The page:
The companies I talk to are always looking for sales “hunters”. It’s almost a sure thing that if a sales candidate says they are a “farmer” then they are out. But why are farmers so uncool?
Hosting Brain Carroll’s webinar reminded me of the importance of lead nurturing. It’s clear from Brian’s research that companies that stay-in-touch with target buyers greatly increase their revenue (one piece of data: leads that are not ready to buy today are 77% of all leads coming in to your company.) But lead nurturing is another way of saying farming. So companies that utilize only hunting techniques will do far worse than companies that farm.
If we want our sales outcomes in the future dramatically improve, perhaps we need to think of our human history in agriculture. Once upon a time there was only hunting – no farming. Many companies still run their lead generation efforts like early man, foraging in the forest for wild berries and boar.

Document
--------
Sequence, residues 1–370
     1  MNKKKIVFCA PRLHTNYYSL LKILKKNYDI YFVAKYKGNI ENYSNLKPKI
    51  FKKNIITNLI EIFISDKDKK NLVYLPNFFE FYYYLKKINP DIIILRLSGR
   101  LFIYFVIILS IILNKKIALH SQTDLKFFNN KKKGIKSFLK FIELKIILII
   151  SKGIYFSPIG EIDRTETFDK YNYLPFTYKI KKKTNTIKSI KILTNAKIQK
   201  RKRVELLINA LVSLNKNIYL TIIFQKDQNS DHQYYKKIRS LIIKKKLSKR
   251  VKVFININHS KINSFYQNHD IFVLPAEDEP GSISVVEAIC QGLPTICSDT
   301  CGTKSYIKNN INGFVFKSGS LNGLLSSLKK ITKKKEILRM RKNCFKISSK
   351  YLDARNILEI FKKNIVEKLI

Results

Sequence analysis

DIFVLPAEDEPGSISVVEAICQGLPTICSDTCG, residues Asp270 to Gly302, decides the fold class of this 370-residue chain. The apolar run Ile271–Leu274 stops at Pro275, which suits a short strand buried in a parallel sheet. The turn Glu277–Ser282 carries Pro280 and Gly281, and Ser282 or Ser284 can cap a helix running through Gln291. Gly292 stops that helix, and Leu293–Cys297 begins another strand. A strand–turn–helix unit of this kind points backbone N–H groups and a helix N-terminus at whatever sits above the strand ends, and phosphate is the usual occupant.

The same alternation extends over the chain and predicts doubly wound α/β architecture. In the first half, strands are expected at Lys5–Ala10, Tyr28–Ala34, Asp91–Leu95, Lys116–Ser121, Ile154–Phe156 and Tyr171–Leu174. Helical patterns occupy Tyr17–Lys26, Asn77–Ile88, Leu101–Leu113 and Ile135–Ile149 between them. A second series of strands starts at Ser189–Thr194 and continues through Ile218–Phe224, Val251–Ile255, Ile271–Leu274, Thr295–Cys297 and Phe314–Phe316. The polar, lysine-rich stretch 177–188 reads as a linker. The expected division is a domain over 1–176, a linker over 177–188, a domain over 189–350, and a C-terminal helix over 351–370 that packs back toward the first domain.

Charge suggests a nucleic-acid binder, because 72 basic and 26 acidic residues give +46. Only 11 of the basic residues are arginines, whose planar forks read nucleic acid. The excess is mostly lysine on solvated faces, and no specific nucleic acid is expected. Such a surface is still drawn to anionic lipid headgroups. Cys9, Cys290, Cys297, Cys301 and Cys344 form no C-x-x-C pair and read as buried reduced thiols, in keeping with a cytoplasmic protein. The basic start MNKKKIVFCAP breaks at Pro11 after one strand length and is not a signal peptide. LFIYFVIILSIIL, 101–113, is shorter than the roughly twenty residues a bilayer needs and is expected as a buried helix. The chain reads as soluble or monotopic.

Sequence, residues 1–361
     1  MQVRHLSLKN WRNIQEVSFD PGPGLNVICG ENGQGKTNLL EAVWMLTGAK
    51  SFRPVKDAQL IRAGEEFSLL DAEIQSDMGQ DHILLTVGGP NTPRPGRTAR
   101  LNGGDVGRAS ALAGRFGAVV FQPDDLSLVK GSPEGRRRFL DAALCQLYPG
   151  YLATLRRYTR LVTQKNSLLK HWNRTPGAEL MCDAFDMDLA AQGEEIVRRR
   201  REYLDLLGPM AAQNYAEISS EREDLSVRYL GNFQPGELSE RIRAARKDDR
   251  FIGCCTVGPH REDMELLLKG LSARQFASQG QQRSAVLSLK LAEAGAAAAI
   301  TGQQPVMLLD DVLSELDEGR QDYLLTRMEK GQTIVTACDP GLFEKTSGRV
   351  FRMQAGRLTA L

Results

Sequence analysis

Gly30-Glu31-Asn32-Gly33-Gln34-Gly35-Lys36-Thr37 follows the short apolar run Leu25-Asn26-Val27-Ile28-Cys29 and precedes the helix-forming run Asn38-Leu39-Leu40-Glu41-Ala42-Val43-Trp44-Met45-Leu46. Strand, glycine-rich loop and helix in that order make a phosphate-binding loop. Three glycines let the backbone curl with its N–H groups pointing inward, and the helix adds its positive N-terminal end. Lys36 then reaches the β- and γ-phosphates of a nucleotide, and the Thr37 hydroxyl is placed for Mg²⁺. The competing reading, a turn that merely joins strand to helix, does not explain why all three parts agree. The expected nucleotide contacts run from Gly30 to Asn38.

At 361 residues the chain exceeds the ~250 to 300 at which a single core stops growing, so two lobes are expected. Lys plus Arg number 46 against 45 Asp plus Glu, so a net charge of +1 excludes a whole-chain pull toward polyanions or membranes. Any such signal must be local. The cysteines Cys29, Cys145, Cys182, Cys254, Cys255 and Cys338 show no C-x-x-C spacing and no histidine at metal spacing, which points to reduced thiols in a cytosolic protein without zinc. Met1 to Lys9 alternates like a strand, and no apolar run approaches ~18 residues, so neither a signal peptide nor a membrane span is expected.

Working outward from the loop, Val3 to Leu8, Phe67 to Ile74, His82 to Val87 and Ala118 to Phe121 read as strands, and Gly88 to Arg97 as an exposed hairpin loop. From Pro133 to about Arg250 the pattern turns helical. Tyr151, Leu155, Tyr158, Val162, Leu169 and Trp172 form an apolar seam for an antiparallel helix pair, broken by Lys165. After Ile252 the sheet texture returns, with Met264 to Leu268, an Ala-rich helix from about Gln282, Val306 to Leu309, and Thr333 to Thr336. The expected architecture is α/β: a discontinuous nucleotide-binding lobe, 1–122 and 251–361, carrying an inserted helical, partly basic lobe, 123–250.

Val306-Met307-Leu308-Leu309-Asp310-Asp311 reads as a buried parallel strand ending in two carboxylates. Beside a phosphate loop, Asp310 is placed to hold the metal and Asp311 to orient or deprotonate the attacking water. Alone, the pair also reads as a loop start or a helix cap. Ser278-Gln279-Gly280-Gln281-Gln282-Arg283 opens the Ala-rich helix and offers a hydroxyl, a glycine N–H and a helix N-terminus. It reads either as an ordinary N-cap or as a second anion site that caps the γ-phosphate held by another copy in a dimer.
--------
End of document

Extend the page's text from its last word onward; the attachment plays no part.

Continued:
Here’s a very brief history of agriculture I found on a Rice University website. The beginning seems to have many parallels to how sales and marketing works in many companies:
Before agriculture, people lived by hunting wild animals and gathering edible plants. When the herds were plentiful and the plants flourishing, life was good. But, when the herds migrated elsewhere, people had to follow them and often discover a whole new set of plants to supplement their diet.
This “feast or famine” lifestyle had its definite drawbacks including starvation.
Eventually, people decided that life would be a lot easier if they always had the animals with them and if edible plants or their produce were always available.
So are farmers so uncool?